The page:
A personal tale told with great patience, Alfonso Cuarón brings a real sense of authenticity in this story about a domestic worker named Cleo, helping a mother of four care for her children. Viewers are made to soak in the sumptuously shot visuals within this emotionally resonant tale, grasping your attention with the smallest of moments, ready to leave you tearful over the simplest of scenes.

33. BlacKkKlansman (2018)

The film which finally got Spike Lee an Oscar, he adapts the story of a black detective infiltrating the Ku Klux Klan, which becomes more than its comedic sketch sounding premise. There may be entertaining and humorous moments, but the real-life story of Ron Stallworth is turned into something so hard-hitting, with clear relevance to this day. Racism isn’t highlighted as a horrendous thing we’ve gotten past, but a piece of human horror which remains prominent today, and Lee captures it so compellingly.

32. Fruitvale Station (2013)

Based on the tragic shooting of Oscar Grant, Ryan Coogler and Michael B. Jordan make their first collaboration, which also may be their best one. Jordan captures Grant as a man trying to leave behind his troubled past, in order to provide for both his girlfriend and his daughter. The film doesn’t try to hide how this story will end, as a sense of dread plays throughout, while scenes underline a lost future for this man, shared with those he loves, full of hopes, promises, and dreams. A heartbreaking and moving piece which deserves to be seen widely.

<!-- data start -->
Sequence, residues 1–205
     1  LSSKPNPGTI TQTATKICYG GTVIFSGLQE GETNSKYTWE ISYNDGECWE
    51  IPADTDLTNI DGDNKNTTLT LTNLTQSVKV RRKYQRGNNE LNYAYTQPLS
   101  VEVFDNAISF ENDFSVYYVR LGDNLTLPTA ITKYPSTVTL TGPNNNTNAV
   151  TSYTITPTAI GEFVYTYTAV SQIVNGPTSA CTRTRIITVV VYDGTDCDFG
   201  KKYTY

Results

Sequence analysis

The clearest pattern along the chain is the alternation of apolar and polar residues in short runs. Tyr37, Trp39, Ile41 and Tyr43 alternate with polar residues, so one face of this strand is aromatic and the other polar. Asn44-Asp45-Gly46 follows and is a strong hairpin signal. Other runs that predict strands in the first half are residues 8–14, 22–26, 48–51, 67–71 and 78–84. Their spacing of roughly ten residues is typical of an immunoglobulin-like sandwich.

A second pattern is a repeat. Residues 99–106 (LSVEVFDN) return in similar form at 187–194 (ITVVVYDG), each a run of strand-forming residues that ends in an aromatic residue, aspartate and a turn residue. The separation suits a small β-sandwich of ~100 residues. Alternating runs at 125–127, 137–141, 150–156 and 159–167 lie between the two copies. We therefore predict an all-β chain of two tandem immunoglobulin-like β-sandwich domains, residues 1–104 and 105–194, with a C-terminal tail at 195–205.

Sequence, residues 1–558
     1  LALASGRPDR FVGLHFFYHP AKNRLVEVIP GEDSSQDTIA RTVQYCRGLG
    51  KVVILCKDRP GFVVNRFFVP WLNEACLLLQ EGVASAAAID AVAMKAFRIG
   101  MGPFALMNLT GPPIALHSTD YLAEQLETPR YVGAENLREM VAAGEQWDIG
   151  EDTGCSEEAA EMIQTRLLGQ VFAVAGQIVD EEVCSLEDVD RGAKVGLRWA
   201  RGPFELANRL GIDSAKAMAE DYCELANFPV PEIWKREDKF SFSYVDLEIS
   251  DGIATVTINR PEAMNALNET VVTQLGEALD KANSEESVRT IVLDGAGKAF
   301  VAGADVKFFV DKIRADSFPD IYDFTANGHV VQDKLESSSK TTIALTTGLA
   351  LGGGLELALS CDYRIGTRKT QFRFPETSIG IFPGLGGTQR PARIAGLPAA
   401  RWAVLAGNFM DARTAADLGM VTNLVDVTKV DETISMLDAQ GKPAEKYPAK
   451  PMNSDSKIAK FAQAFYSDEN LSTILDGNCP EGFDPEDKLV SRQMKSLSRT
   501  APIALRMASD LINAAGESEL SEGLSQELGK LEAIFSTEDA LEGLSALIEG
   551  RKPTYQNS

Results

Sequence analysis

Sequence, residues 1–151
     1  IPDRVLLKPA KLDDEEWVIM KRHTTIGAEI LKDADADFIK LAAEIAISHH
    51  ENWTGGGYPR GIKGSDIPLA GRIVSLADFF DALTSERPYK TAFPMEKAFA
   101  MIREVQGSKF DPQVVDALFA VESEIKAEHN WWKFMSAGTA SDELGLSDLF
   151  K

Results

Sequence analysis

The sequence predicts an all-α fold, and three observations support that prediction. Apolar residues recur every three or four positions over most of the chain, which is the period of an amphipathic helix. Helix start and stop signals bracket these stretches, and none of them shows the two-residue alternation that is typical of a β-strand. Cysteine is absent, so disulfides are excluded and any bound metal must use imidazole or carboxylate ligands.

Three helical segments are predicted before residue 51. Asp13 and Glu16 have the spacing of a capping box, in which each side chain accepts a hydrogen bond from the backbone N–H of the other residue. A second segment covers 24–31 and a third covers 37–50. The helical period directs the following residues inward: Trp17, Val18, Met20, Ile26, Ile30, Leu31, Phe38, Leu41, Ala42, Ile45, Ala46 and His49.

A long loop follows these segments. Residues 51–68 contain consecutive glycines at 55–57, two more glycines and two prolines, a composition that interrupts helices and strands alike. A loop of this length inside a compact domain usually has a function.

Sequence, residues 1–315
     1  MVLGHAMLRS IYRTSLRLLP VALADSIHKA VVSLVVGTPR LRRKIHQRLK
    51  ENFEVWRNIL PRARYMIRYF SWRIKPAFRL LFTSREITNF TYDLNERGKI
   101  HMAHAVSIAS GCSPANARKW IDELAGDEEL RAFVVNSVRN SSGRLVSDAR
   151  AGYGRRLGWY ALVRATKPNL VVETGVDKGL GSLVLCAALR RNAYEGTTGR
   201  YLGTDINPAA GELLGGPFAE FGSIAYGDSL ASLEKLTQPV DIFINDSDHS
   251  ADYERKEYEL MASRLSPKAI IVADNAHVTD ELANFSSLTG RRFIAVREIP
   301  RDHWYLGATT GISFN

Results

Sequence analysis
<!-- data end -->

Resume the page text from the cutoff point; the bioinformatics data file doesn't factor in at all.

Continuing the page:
31. Before Midnight (2013)

The closure to a trilogy, separated between instalments by 9 years, Richard Linklater reunites audiences with Jesse and Celeste as more mature adults. They aren’t hindered by other halves or deadlines, but are finally together, and with twin daughters to boot. But the pairing are their own worst enemies, as discussions and tender moments turn into arguments, where long-simmering topics burst forth, to add fuel to the fire. It all feels so achingly real, as this pairing we’ve long rooted for getting together have naturally progressed, and their long romance is compelling enough to hold an entire film together. Bring on a fourth instalment.

30. Incendies (2010)

Before he came to work on English language films, Denis Villeneuve was making just as exemplary films for France, and this one ranks among his very best. A mother’s last wishes sends her twins on a journey to the middle east, to discover their family history among their mothers tangled past. Adapted from an acclaimed play, this powerful tale is a masterfully crafted tragedy, spellbinding in how the plot unfolds. A stunning journey is taken which shall leave you staggering, and unable to shake this tale for quite some time.

29. The LEGO Movie (2014)

A feature film centred around LEGO? Has Hollywood run out of ideas? Not when you hire such a talented pair as Phil Lord and Christopher Miller, who take a concept which could’ve just been “Product Placement: The Movie”, and craft it with such wit and emotion which appeals to all ages. The story of Emmett, an ordinary mini-figure mistaken for the Chosen One, joins a quest to stop an evil tyrant, and it makes for a strong story about how anyone of us can reach beyond our aspirations, and the sheer power of pure imagination. A modern animated classic, which can be enjoyed by everybody.

28. 12 Years A Slave (2013)